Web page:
8.B.13 The Kunitz-type Serine Protease Inhibitor (HAI) Family
Peptides have been isolated from several species of sea anemones and shown to block currents through various potassium ion channels, particularly in excitable cells. The toxins can be grouped into four structural classes: type 1 with 35-37 amino acid residues and three disulphide bridges; type 2 with 58-59 residues and three disulphide bridges; type 3 with 41-42 residues and three disulphide bridges; and type 4 with 28 residues and two disulphide bridges (Castañeda & Harvey, 2009). Examples from the first class are BgK from Bunodosoma granulifera, ShK from Stichodactyla helianthus and AsKS (or kaliseptine) from Anemonia sulcata (now A. viridis). These interfere with binding of radiolabelled dendrotoxin to synaptosomal membranes and block currents through channels with various Kv1 subunits and also intermediate conductance K(Ca) channels. Toxins in the second class are homologous to Kunitz-type inhibitors of serine proteases; these toxins include kalicludines (AsKC 1-3) from A. sulcata and SHTXIII from S. haddoni; they block Kv1.2 channels. The third structural group (8.B.11) includes proteins from A. sulcata and Anthropleura elegantissima. Their pharmacological specificities differs: BDS-I and -II toxins block currents involving Kv3 subunits while APETx1 blocks ERG channels. The fourth group comprises the SHTX I and II toxins from S. haddoni. Their channel blocking specificity is not yet known, but they displace dendrotoxin binding from synaptosomal membranes (Castañeda & Harvey, 2009). These small toxins (e.g., 8.B.13.1.1) are homologous throughout their lengths to a central part of amyloid-β protein precursors such as the one under TC# 1.C.50.1.2.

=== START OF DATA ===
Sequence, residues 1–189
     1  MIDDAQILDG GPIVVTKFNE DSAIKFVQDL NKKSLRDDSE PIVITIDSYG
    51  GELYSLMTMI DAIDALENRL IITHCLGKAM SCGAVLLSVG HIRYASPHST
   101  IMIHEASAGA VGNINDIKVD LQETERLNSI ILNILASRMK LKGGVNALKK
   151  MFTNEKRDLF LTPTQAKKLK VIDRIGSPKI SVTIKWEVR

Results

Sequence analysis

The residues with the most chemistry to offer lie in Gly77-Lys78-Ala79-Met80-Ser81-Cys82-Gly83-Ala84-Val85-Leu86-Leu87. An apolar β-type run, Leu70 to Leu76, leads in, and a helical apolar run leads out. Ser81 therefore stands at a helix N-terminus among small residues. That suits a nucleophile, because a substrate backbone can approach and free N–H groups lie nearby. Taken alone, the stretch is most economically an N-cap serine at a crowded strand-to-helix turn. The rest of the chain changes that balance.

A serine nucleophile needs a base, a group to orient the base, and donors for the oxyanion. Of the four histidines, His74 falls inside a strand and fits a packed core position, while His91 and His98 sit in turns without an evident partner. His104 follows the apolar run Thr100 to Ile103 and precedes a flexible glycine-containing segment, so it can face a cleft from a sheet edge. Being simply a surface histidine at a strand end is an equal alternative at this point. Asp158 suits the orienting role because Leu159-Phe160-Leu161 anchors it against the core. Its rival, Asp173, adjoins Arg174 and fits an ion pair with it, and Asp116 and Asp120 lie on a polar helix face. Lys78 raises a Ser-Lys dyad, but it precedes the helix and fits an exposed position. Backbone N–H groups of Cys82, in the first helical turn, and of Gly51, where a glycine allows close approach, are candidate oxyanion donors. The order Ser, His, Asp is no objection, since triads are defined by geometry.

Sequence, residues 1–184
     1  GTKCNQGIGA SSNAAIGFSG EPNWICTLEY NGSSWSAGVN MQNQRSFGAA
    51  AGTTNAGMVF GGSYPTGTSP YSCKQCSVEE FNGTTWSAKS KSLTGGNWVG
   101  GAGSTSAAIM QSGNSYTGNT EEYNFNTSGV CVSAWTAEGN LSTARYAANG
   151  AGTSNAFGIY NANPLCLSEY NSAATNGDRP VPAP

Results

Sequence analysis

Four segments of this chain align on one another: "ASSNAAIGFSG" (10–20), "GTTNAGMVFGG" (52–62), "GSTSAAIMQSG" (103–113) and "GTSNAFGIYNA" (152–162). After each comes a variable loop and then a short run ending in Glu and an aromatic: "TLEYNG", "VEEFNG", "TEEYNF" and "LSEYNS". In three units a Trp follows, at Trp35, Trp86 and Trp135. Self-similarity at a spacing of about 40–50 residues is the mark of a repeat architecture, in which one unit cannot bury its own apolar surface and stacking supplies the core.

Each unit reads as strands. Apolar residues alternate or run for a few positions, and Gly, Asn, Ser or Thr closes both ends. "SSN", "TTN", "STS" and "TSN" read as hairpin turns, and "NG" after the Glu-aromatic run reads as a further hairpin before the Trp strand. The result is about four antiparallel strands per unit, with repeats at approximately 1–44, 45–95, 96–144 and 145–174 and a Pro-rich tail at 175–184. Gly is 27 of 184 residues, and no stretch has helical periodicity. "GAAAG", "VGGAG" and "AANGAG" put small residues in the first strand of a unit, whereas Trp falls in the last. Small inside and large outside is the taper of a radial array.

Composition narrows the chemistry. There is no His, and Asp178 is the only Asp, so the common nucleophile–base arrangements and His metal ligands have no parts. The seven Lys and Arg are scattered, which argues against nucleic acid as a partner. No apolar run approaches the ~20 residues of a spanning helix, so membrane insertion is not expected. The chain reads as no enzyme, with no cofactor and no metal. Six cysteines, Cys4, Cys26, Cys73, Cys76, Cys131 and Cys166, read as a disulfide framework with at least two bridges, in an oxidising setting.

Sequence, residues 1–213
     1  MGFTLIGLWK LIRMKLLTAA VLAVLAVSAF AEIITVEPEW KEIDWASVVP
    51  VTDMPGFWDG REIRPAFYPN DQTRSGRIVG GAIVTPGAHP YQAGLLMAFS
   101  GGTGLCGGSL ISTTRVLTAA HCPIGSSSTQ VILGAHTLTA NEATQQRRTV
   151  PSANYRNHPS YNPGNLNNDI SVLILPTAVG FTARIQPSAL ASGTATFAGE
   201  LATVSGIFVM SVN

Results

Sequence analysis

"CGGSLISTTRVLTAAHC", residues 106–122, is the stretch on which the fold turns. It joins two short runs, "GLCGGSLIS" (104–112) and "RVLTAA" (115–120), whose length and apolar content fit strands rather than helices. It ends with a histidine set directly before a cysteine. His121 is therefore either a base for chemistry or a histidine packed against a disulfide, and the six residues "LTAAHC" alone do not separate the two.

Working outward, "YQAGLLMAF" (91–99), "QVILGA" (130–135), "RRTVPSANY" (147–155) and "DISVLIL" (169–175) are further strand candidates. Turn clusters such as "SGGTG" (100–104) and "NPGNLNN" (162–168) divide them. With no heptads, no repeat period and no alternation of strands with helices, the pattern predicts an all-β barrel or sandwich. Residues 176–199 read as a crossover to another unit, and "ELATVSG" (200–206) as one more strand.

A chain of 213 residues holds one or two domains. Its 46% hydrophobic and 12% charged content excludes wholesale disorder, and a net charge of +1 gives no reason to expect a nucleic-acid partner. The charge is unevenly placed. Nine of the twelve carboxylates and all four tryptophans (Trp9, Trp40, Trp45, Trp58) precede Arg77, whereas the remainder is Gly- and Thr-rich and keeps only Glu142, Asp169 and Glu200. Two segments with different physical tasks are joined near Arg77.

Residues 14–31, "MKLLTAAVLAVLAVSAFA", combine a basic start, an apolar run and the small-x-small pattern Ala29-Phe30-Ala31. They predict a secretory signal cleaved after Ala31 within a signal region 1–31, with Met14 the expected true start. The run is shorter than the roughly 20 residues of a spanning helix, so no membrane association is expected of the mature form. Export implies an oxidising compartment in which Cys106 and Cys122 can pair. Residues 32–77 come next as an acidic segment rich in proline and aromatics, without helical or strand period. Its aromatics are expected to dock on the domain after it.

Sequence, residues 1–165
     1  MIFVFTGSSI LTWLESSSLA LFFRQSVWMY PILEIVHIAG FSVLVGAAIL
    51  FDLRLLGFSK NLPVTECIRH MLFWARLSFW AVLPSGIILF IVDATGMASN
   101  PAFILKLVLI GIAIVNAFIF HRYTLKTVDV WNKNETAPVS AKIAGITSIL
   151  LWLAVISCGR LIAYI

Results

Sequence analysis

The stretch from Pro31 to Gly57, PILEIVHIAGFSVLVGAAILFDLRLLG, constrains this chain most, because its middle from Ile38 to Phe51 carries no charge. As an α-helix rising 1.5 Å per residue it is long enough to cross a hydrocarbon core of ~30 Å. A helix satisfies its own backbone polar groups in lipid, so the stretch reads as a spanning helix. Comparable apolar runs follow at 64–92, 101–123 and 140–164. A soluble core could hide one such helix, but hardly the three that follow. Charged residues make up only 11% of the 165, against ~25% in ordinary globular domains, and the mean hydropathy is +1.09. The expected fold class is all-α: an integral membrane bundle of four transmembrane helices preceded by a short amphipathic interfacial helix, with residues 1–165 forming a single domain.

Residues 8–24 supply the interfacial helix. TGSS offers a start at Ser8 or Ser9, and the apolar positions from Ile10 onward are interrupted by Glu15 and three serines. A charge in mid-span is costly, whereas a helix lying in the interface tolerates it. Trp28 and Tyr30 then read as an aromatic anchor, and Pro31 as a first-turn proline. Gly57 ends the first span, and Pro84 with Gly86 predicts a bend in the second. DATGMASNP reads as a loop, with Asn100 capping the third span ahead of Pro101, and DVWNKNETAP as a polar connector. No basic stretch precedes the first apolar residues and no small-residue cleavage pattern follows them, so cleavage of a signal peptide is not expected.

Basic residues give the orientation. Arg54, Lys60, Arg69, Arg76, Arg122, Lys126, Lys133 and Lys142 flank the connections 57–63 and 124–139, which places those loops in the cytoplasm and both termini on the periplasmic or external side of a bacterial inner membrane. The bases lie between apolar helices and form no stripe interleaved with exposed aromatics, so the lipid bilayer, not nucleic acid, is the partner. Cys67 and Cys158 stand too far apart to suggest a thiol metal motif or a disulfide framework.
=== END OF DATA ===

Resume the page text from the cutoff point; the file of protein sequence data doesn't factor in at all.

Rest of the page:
The integral membrane, Kunitz-type serine protease inhibitors HAI-1 and HAI-2, can suppress the proteolytic activities of the type 2 transmembrane serine protease, matriptase (TC# 8.A,131,1,4), with high specificity and potency (Chiu et al. 2022). High levels of extracellular matriptase proteolytic activity have been observed in some neoplastic B-cells with high levels of endogenous HAI-2, indicating that HAI-2 may be an ineffective matriptase inhibitor at the cellular level. Upon inducing matriptase zymogen activation in the HAI Teton Daudi Burkitt lymphoma cells, which naturally express matriptase with very low levels of HAI-2 and no HAI-1, nascent active matriptase was rapidly inhibited or shed as an enzymatically active enzyme. With increasing HAI-1 expression, cellular matriptase-HAI-1 complex increased, and extracellular active matriptase decreased proportionally. Increasing HAI-2 expression resulted in cellular matriptase-HAI-2 complex levels reaching a plateau, while extracellular active matriptase remained high. In contrast to this differential effect, both HAI-1 and HAI-2, even at very low levels, were shown to promote the expression and cell-surface translocation of endogenous matriptase. The difference in the suppression of extracellular active matriptase by the two closely related serine protease inhibitors could result from the primarily cell surface expression of HAI-1 compared to the mainly intracellular localization of HAI-2. The HAIs, therefore, resemble one another with respect to promoting matriptase expression and surface translocation but differ in their effectiveness in the control of extracellular matriptase enzymatic activity (Chiu et al. 2022).